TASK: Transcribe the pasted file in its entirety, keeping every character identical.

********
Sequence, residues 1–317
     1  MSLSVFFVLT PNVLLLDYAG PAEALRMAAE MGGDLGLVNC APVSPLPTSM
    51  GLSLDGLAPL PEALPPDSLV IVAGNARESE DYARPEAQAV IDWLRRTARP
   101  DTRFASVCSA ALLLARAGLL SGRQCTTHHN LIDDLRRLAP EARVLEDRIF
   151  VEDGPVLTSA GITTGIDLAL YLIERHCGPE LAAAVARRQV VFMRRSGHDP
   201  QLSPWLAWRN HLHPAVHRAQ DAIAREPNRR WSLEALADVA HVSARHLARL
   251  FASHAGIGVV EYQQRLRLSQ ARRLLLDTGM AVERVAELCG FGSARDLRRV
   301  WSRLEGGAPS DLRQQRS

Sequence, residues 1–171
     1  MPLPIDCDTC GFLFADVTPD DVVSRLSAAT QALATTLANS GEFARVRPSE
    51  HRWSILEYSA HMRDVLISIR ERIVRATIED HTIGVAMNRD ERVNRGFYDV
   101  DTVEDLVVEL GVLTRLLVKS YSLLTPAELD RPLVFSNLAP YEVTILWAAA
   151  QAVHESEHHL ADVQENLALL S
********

Sequence, residues 1–317
     1  MSLSVFFVLT PNVLLLDYAG PAEALRMAAE MGGDLGLVNC APVSPLPTSM
    51  GLSLDGLAPL PEALPPDSLV IVAGNARESE DYARPEAQAV IDWLRRTARP
   101  DTRFASVCSA ALLLARAGLL SGRQCTTHHN LIDDLRRLAP EARVLEDRIF
   151  VEDGPVLTSA GITTGIDLAL YLIERHCGPE LAAAVARRQV VFMRRSGHDP
   201  QLSPWLAWRN HLHPAVHRAQ DAIAREPNRR WSLEALADVA HVSARHLARL
   251  FASHAGIGVV EYQQRLRLSQ ARRLLLDTGM AVERVAELCG FGSARDLRRV
   301  WSRLEGGAPS DLRQQRS

Sequence, residues 1–171
     1  MPLPIDCDTC GFLFADVTPD DVVSRLSAAT QALATTLANS GEFARVRPSE
    51  HRWSILEYSA HMRDVLISIR ERIVRATIED HTIGVAMNRD ERVNRGFYDV
   101  DTVEDLVVEL GVLTRLLVKS YSLLTPAELD RPLVFSNLAP YEVTILWAAA
   151  QAVHESEHHL ADVQENLALL S